Last month, ITV sold off its 70 per cent share of JFMG, the organisation that manages spectrum used for programme making and special events. But at the same time, Ofcom published research into the future of PMSE, concerned largely with how to get rid of it. PMSE users currently lurk between the analogue TV channels, supplying …
Yay, another triumph.
Ever tried using a digital mic on an analogue set (tv or theatre) using multiple mixed feeds?
Results are you get more lip sync problems than a Grecian 2000 (That's called Just For Men now kids) commercial - Result, bemused cast, technicians and audience.
Ofcom really should talk to programme makers more, this *do anything to sell off the frequency* strategy is becoming detrimental to lots of folk now - not just national broadcasters.
but where does the money go?
The strategy doesn't even work
Selling to the highest bidder means the public gets the worst possible result. The highest bidder is almost certainly the company that is going to charge the MOST for whatever service it chooses to provide on the frequency.
Bandwidth should be regarded as a strategic asset rather than a financial one, with the contract awarded to whoever can guarantee the best and most cost-effective service to the public at large. For that, then needs of "indirect" users such as theatre, radio and TV audiences who don't use the frequencies themselves, but still derive benefit from them, has to be considered at least as much as the frequency end users and with far greater weight given to their requirements than the profiteering of the companies who bid for the licences.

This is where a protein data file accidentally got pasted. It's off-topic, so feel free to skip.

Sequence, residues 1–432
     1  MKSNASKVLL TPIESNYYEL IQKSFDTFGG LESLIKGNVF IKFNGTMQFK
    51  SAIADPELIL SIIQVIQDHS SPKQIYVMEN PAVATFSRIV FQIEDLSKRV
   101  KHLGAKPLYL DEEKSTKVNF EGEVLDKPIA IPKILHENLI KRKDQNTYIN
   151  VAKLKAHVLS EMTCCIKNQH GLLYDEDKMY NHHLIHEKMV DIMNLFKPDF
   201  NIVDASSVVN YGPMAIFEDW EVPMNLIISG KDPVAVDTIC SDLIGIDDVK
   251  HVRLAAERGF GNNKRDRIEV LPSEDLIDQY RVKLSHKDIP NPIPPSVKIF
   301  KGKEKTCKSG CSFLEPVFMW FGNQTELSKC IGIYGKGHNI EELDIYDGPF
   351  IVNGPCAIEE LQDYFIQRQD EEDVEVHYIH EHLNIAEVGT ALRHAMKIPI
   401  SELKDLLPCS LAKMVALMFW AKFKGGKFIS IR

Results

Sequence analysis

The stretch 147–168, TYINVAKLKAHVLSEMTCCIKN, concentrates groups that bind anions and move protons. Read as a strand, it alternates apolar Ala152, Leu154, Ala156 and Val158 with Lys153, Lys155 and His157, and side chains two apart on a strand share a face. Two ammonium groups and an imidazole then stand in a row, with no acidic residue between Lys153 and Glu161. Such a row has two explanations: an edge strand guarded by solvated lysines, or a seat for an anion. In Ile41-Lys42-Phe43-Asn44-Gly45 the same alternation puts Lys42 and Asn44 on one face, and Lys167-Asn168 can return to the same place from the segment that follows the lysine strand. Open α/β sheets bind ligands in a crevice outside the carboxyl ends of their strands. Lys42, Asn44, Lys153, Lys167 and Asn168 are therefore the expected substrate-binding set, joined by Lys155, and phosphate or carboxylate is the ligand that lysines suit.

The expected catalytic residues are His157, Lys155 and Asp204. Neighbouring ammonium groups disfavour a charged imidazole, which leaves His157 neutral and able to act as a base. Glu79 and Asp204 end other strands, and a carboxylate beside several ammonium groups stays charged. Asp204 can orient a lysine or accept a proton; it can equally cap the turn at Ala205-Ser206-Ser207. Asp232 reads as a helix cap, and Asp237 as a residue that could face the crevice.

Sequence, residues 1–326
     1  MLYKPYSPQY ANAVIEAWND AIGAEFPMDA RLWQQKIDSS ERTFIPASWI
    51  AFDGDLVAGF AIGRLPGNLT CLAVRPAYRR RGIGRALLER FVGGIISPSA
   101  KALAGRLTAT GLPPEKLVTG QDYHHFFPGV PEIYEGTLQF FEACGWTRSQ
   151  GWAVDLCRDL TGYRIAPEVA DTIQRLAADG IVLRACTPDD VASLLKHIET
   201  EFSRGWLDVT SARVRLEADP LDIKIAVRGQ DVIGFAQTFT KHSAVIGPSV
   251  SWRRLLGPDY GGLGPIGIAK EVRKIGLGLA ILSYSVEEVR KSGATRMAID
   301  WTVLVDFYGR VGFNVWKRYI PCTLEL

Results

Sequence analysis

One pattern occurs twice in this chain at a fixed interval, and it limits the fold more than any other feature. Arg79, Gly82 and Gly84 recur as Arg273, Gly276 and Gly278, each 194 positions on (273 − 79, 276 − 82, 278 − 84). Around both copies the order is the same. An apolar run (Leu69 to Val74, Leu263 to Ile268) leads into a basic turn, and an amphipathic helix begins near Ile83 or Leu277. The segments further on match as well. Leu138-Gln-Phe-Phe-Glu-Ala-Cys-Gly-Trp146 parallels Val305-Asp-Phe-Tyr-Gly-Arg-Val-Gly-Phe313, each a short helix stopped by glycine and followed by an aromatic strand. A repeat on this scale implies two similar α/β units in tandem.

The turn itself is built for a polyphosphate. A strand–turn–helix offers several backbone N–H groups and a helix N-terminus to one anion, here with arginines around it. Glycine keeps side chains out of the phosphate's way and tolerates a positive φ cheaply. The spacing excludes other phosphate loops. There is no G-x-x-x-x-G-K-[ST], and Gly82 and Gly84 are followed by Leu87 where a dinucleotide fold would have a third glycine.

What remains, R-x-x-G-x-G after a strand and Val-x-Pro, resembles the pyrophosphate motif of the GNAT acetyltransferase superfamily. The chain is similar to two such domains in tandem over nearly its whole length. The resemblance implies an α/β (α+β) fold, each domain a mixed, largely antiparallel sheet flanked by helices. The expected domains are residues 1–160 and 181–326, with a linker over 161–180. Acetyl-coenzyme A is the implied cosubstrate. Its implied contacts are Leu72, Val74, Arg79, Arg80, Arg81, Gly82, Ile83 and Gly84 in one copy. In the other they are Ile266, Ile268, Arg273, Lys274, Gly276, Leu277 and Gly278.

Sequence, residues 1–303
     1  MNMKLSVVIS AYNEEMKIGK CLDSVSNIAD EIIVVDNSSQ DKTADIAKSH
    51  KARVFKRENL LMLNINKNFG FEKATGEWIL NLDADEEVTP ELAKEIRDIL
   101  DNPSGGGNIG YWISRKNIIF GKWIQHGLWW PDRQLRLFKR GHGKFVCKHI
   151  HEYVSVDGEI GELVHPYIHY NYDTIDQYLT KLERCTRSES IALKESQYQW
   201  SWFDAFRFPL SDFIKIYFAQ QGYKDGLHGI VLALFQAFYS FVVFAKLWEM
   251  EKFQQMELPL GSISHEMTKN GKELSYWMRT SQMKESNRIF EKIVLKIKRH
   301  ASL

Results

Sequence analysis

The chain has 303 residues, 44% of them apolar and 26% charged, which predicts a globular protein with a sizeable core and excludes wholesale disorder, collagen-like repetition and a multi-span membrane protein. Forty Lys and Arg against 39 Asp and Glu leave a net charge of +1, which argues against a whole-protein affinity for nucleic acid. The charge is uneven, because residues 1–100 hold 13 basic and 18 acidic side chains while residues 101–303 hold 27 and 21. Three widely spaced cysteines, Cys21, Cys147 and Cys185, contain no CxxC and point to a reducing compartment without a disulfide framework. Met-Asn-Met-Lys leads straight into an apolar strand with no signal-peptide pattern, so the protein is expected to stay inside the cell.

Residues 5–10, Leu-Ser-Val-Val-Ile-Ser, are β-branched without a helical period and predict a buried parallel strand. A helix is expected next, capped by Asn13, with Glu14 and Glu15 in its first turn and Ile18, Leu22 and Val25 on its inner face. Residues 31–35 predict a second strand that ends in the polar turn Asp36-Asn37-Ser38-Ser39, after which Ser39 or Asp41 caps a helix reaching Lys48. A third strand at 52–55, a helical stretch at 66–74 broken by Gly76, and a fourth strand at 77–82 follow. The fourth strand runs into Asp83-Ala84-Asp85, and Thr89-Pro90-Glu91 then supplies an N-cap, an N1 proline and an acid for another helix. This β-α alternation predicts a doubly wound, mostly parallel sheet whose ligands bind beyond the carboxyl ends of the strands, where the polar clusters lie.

Not just mics
You also have radio pickups on guitars and stuff.
I think you can engineer around the latency, but it's an expensive hobby for short run equipment - much easier to use an old fashioned analogue radio.
Digital, Digital, Digital
There seems to be a complete obsession with going digital for absolutely everything, If something doesn't have the word digital in front, then it's perceived to be crap.
I see the word digital applied to devices which are intrinsically analogue in nature! It's crazy.
Digital does NOT mean better. DAB is a testament to that.
Digital radio, digital aerials (hang on, all aerials are analogue devices!), digital TV (what's wrong with a conventional analogue tv with a freeview box?!)
I get shed loads of issues with my Humax video recorder to do with lip syncing but I don't know whose to blame, the broadcaster or Humax?
Mics are short range devices and low bandwith FFS ! This isn't a high power FM broadcast transmitter covering a 20 mile radius!!
I use radio mics most days for low cost corporate shoots. Due to budgets I have to use the license free frequencies which work well in general. Keeps the costs down.
I'm guessing that most small operators will stick two fingers up to Ofcom and will continue to use their existing kit. Half decent portable kits (portable receiver and beltpack tx) start at about 400 quid so we'll be purchasing equipment when we are good and ready. How much are these digital kits going to cost? Not cheap I think!
In addition many conference venues own radio mics but don't have a clue how they work (and often don't know what frequencies they use). Can't see those guys stumping up.
In short the entire thing is a disaster and thousands of users will continue to use their analogue kit in the way they see fit.
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